Sutton Ross said: "I was curious about this as well. For those who didn't care for it, why not?"I don't want to say it looked cheap, because the design and all was fine for what it was, but it just lacked any kind of spectacle or excitement to it, I felt. It's not that it was bad, it just wasn't anything out of the ordinary. But again, like I said above, I 100% understand why Disney did it that way, since the name itself was plenty enough to sell the show.
I know we've been over this before. But, it was not "rushed" to the stage in relation to other Disney stage productions. Could they have taken more time? Sure. It may have been "rushed" because the show had "flaws" that they didn't take time to fix - and that may have been due to a sense that the Frozen momentum was slowing and the moment to capitalize was fading - whether true or not. "Nostalgia" didn't bring in the crowds for The Little Mermaid - that film opened in November 1989 but the stage version didn't open on Broadway until January 2008 - eighteen years! So, to me, Frozen's flaws are Frozen's flaws - it was just an okay show without much of the magic - and, to me, the stage version exposed flaws in the film. The stage show could have been more - it could have been less. For reference, Beauty & the Beast and The Lion King opened on Broadway in less time from the opening of the film on which they were based.. Beauty & the Beast opened in movie theatres in November 1991. The stage version opened on Broadway in April 1994. That's roughly 2.5 years.The Lion King opened in movie theatres in June 1994. The stage version opened on Broadway in October 1997.That's roughly 3.3 years.Frozen opened in movie theatres in November 2013. The stage version opened on Broadway in March 2018. That's roughly 4.5 years.
I think the problem was it wasn't visionary. I think Disney coasted on the idea that Frozen on Broadway alone, no matter what it looked like would be a hit cause the property brought so much.The other thing to consider every time people reference Beauty and the Beast is Beauty and the Beast was the FIRST Disney Broadway show, so that alone created an excitement, as well as it translated so well to the stage because there's something so innately broadway about the movie. The novelty of a Disney cartoon on stage is not that exciting anymore. You have to do something more with it. And as others said, "Let it Go" should not have seemed less spectacular than Defying Gravity.I bet you 100 percent their ticket prices would've soared if she built an ACTUAL ice castle on the stage during that song like she does in the film.As well as the fact that I think the second act of Frozen THE MOVIE weak. It just sorta plays out. The problems with the movie are too apparent onstage. I actually find it very odd Tarzan didn't work. The structure seems like it could translate easily
I strangely really love this musical, even though I can never watch the movie again and didn't care for the sequel. I've seen it on Broadway twice and saw it on tour in LA twice. I much prefer this show over TLK and Aladdin. Much as I adore Caissie Levy, I found her Elsa so underwhelming. You just didn't see much transformation from scared Elsa in the beginning to "Let It Go" Elsa. Add that to an underwhelming set, and it just didn't have the impact I was hoping for. I wish they did more effects a la Cursed Child where they transformed the ENTIRE theatre, instead of the easy-to-do projection mapping/screens. I've seen the stair case in the Disneyland version, and that always gets more reaction out of the audience than the dress change does.I think the problem with the show in the beginning was that they took it TOO seriously. It was such a dark show. I remember when I first saw the tour, it immediately felt like everything was brighter. The set, the lighting, even the screen. It was like they were too scared to make it seem too cartoon-y or too much like the theme park version. I think if they implemented the tour changes earlier, it could have found its footing. It was a much snappier, faster-paced and coherent show. Then there's the confusing character development. Hans' reveal never made much sense to me. I kind of wished there were hints of it throughout the show instead of just "a-ha! I'm actually the villain!" For a show that focused on fleshing out Elsa, Anna and Kristoff, they kind of just didn't do much with Hans, or Wesselton. Not like there was much else they could do, but using the same puppet structure for Olaf in the theme park version and then the Broadway version felt kind of meh to me. I was really hoping to see the new cast and the changes implemented to Broadway.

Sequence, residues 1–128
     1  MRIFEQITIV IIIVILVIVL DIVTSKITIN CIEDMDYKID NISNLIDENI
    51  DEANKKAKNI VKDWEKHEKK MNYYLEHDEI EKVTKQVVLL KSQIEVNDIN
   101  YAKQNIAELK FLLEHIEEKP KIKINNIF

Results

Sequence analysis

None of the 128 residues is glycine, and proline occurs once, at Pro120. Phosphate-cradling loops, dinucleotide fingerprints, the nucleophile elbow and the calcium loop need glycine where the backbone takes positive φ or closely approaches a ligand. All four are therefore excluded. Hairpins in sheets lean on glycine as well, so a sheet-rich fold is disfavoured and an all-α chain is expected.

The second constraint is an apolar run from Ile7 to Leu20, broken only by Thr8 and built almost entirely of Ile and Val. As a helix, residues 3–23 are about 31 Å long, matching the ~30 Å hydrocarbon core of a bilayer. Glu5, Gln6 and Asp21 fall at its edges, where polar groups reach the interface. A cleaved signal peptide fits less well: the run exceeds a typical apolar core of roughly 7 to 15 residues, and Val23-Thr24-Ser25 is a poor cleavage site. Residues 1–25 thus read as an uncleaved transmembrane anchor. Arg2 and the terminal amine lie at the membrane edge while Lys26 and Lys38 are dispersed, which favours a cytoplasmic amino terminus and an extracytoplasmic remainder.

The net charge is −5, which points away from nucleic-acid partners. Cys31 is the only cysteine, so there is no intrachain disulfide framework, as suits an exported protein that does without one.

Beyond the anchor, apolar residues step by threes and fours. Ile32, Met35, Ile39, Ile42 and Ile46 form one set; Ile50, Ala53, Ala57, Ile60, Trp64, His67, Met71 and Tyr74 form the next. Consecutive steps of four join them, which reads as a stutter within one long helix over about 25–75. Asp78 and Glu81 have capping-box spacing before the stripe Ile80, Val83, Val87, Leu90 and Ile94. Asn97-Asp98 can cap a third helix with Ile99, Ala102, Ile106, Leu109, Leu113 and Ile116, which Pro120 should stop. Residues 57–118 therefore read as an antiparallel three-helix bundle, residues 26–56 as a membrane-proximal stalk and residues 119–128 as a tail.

The film's structure did not lend itself to a musical. The songs are front loaded and the second half is a road trip. The book's attempts to compensate were unsuccessful.But the biggest problem, for me, was that they de-fanged Elsa. The moments in the film where she relies on violence were cut or rewritten. Thus there's never any sense that she's a threat or could become a "monster." Without that there are no stakes.But then I have the same problem with Wicked, in that it never gives Elphaba a chance to become truly Wicked like the novel did. And that hasn't stopped it from running for ages.
I saw the show on December and it was by far my least favorite, out of the 7 shows I saw on my trip. I agree with everything others have said but am I the only one that really hated the score ? Besides Let it Go and maybe a couple of other numbers, all the new songs fell flat on their face. It was boring and unispiring ballad after ballad, for no reason and without driving the story forward. I had such high hopes for this, I love Disney, love Lopez, loved the film but at some point, I just couldn't wait for it to be over.
I remember hearing in a podcast that the Lopez' did feel rushed working on the musical and trying to write for Frozen 2 at the same time.
One of the major problems is the lack of spectacle. When I first heard Frozen was coming to Broadway, I thought, "Wow, the set will be incredible." And it just wasn't. The set was very ordinary. Projections are not spectacle. And the ice coming out of the floor looked plastic and cheap.Beauty and the Beast has a big, elaborate production number, and the beast transformation is really well-done. Aladdin has a big number, too. Mary Poppins has lots of magic tricks, a huge house that goes up and down, and Mary flying over the audience. The Lion King has several spectacle moments. Frozen didn't have a "wow!" moment. It needed to have moments where the audience thinks, "That was amazing, and worth our spending hundreds of dollars and going through the trouble of bringing the whole family here." But, instead, we have Elsa stomping her foot on the floor and a video image of an ice crack is seen. I can see that on homemade YouTube videos every day.
All I know is my husband I had amazing seats that we purchased quickly after the announcement was made that FROZEN was coming to Broadway. We were anticipating Disney spectacle and an amazing performance by Cassie.... BUT then we saw promotional footage of "Let it Go" on TV or YouTube and were so underwhelmed/unimpressed we immediately put our tickets up for sale... Perhaps sometimes TV and Talk Show promotions might do more harm than good?
Billis2 - YES... No spectacle in Mermaid either. Another bad move show.